Column Opinion

Restructuring: APC’s Coup Against President Buhari? By Zainab Suleiman Okino

At the height of the clamour for restructuring, the ruling All Progressives Congress (APC) set up a 27-member committee headed by Nasir El-Rufai, the governor of Kaduna State to get a cross section of views, collate and recommend what can pass as the party’s position.

Many considered it a ruse and hurried answer to overwhelming voices of agitation for restructuring or true federalism. However, by the time the El-Rufai committee came up with their recommendations, the preponderance of opinions is that these are a fair representation of the majority of people’s ideas of what they want changed in our political structure. Although, the recommendations were in tandem with Jonathan’s Constitutional Confab’s resolutions, it might have inadvertently set the APC leadership against President Muhammadu Buhari, whose idea of restructuring is at variance with the party’s, going by his utterances.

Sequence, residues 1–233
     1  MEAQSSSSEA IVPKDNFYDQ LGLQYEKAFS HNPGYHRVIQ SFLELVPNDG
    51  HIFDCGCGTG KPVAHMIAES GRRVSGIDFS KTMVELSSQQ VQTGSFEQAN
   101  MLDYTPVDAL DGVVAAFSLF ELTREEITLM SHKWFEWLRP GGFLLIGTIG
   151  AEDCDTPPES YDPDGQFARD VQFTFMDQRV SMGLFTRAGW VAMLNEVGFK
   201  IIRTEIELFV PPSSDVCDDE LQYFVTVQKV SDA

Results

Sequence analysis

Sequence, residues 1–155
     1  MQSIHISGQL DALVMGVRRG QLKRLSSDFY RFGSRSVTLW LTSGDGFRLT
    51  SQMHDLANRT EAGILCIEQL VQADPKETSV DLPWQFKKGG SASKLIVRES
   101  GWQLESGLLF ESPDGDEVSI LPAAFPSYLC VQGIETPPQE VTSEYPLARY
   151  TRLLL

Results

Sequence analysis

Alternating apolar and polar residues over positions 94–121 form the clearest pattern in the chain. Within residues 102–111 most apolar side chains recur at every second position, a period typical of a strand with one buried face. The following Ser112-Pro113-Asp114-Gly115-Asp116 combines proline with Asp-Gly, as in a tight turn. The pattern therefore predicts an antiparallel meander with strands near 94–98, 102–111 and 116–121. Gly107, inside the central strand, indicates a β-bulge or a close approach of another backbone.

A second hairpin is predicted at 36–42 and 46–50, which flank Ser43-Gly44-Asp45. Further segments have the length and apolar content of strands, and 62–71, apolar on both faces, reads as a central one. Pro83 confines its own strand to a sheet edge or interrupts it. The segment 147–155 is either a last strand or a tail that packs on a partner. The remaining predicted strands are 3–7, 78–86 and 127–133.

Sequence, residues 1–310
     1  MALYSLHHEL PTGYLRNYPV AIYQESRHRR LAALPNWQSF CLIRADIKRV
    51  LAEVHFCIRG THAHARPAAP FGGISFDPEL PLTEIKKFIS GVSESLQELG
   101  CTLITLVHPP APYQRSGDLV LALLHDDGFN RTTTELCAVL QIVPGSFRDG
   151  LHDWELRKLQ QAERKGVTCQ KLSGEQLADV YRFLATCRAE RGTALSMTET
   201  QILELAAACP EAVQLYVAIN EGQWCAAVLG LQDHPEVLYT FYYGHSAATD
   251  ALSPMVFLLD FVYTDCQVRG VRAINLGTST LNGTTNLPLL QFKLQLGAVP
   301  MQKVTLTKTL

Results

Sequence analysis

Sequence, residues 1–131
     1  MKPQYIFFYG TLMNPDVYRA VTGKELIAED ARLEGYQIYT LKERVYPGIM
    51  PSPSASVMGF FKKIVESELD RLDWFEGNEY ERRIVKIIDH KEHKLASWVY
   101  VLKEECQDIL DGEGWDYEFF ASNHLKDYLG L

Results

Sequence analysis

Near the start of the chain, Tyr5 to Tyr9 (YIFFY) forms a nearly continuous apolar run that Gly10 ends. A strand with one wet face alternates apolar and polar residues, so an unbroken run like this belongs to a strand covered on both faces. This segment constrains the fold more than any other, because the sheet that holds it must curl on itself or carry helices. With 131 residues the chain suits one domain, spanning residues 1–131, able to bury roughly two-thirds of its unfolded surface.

In a nutshell, the committee recommended the devolution of power to states, resource control, and merger of states, state police, immigration and police to be removed from exclusive to concurrent list, independent candidacy, dissolution of local governments and creation of more councils, among others. Most of these have remained contentious over time. Some are even in the group of ‘no go areas’ considered sacred and which makes it an exercise in futility for those issues to be broached at all. However, El-Rufai, in his characteristic boldness, recommended them in his committee’s report. Some of the controversial issues include resource control and devolution of power. But it is one thing to make recommendations and another to get them implemented. The question is who will push these recommendations and how do you get the support of the National Assembly and the Presidency to implement them? How different is the El-Rufai committee’s work from the on-going constitutional amendments at the National Assembly?